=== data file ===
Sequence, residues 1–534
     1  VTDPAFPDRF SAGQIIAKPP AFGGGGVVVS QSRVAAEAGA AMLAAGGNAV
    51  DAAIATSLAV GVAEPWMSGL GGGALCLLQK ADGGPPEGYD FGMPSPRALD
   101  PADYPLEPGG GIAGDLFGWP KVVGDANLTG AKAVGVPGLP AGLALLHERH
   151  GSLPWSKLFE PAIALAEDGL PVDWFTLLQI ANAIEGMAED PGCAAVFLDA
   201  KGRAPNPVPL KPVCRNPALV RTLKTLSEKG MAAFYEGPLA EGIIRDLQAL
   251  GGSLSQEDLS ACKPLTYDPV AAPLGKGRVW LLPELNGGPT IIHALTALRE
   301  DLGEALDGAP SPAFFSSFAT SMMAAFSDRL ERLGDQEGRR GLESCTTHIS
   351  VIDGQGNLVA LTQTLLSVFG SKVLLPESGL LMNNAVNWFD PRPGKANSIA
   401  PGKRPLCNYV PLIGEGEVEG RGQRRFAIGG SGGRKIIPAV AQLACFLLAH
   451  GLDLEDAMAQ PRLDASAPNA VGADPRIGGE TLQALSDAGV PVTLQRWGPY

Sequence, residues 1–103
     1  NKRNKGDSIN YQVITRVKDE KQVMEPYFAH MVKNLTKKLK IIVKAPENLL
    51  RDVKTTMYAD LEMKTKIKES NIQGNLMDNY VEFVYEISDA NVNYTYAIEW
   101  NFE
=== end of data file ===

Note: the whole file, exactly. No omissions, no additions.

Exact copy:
Sequence, residues 1–534
     1  VTDPAFPDRF SAGQIIAKPP AFGGGGVVVS QSRVAAEAGA AMLAAGGNAV
    51  DAAIATSLAV GVAEPWMSGL GGGALCLLQK ADGGPPEGYD FGMPSPRALD
   101  PADYPLEPGG GIAGDLFGWP KVVGDANLTG AKAVGVPGLP AGLALLHERH
   151  GSLPWSKLFE PAIALAEDGL PVDWFTLLQI ANAIEGMAED PGCAAVFLDA
   201  KGRAPNPVPL KPVCRNPALV RTLKTLSEKG MAAFYEGPLA EGIIRDLQAL
   251  GGSLSQEDLS ACKPLTYDPV AAPLGKGRVW LLPELNGGPT IIHALTALRE
   301  DLGEALDGAP SPAFFSSFAT SMMAAFSDRL ERLGDQEGRR GLESCTTHIS
   351  VIDGQGNLVA LTQTLLSVFG SKVLLPESGL LMNNAVNWFD PRPGKANSIA
   401  PGKRPLCNYV PLIGEGEVEG RGQRRFAIGG SGGRKIIPAV AQLACFLLAH
   451  GLDLEDAMAQ PRLDASAPNA VGADPRIGGE TLQALSDAGV PVTLQRWGPY

Sequence, residues 1–103
     1  NKRNKGDSIN YQVITRVKDE KQVMEPYFAH MVKNLTKKLK IIVKAPENLL
    51  RDVKTTMYAD LEMKTKIKES NIQGNLMDNY VEFVYEISDA NVNYTYAIEW
   101  NFE